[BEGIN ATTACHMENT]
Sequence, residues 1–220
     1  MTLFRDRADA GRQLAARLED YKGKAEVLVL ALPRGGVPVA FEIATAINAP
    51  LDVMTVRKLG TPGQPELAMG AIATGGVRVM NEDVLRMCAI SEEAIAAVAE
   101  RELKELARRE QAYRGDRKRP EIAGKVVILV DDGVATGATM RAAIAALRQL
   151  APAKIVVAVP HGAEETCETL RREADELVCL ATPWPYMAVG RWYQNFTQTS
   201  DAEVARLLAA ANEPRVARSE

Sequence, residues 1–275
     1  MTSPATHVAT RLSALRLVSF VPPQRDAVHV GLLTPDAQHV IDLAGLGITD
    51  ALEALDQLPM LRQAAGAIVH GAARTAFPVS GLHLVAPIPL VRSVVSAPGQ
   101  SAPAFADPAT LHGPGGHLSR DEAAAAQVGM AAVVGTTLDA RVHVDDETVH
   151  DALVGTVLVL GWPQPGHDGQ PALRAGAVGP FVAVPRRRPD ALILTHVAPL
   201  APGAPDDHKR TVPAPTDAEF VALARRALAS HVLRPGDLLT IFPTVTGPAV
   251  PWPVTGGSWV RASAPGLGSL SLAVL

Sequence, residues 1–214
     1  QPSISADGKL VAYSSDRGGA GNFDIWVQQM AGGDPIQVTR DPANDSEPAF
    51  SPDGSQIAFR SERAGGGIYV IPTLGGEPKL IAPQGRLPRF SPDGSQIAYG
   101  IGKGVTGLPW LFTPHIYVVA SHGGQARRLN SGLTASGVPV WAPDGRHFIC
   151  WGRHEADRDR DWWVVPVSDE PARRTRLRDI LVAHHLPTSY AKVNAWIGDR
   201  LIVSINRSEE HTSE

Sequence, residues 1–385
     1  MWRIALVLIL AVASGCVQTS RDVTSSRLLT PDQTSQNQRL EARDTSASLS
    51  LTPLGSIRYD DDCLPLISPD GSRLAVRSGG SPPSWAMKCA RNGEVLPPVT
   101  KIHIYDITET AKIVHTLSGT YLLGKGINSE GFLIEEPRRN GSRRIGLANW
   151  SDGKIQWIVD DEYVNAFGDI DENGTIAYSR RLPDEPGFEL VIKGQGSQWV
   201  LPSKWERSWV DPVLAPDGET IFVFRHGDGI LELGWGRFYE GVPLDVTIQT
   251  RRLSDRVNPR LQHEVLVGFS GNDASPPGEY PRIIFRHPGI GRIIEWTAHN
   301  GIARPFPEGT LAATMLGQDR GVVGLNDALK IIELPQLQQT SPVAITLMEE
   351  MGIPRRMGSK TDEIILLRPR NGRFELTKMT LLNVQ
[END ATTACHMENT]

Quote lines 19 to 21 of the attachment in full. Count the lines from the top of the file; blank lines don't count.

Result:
   201  LIVSINRSEE HTSE

Sequence, residues 1–385
     1  MWRIALVLIL AVASGCVQTS RDVTSSRLLT PDQTSQNQRL EARDTSASLS